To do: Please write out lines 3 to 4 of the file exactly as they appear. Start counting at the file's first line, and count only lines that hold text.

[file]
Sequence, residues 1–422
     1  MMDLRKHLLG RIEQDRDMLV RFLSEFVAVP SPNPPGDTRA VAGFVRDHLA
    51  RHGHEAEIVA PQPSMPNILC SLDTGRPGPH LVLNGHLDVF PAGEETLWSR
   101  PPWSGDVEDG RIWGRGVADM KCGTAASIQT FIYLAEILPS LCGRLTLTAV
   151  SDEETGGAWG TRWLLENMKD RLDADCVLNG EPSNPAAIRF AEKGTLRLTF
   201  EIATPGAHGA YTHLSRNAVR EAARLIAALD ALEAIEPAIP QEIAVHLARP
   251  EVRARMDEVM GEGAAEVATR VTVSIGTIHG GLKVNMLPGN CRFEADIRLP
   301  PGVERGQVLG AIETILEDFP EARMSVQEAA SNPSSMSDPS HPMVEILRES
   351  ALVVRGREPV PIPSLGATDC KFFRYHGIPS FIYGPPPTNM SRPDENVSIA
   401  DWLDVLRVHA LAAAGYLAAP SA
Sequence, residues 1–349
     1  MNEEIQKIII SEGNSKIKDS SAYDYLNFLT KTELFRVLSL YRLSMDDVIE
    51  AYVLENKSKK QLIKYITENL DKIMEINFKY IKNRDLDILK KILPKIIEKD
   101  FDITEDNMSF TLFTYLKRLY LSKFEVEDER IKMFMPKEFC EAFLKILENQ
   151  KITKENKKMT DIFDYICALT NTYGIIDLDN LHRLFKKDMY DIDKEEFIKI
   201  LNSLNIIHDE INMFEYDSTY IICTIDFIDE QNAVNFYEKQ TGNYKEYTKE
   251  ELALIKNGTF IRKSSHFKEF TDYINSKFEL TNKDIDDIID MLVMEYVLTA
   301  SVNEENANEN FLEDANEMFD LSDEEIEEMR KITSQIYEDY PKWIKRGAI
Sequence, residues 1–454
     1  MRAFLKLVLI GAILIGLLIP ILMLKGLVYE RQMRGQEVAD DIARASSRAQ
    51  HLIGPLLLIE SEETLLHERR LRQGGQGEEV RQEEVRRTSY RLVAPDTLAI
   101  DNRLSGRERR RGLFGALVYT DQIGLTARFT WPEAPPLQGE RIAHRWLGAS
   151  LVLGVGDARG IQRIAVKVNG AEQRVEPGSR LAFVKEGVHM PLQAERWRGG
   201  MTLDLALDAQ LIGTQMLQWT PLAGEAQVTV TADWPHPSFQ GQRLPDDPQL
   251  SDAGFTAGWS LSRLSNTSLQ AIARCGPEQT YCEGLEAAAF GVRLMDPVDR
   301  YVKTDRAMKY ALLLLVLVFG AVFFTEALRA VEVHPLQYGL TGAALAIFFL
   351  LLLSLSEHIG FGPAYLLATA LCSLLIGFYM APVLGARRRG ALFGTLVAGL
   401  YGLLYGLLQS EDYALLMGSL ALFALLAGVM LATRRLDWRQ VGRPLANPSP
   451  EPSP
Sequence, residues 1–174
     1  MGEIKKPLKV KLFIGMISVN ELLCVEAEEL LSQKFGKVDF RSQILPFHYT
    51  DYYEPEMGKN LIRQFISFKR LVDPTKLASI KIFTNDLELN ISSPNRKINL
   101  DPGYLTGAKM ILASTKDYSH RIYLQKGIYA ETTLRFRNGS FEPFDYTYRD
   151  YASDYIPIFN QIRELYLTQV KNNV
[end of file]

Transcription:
    51  RHGHEAEIVA PQPSMPNILC SLDTGRPGPH LVLNGHLDVF PAGEETLWSR
   101  PPWSGDVEDG RIWGRGVADM KCGTAASIQT FIYLAEILPS LCGRLTLTAV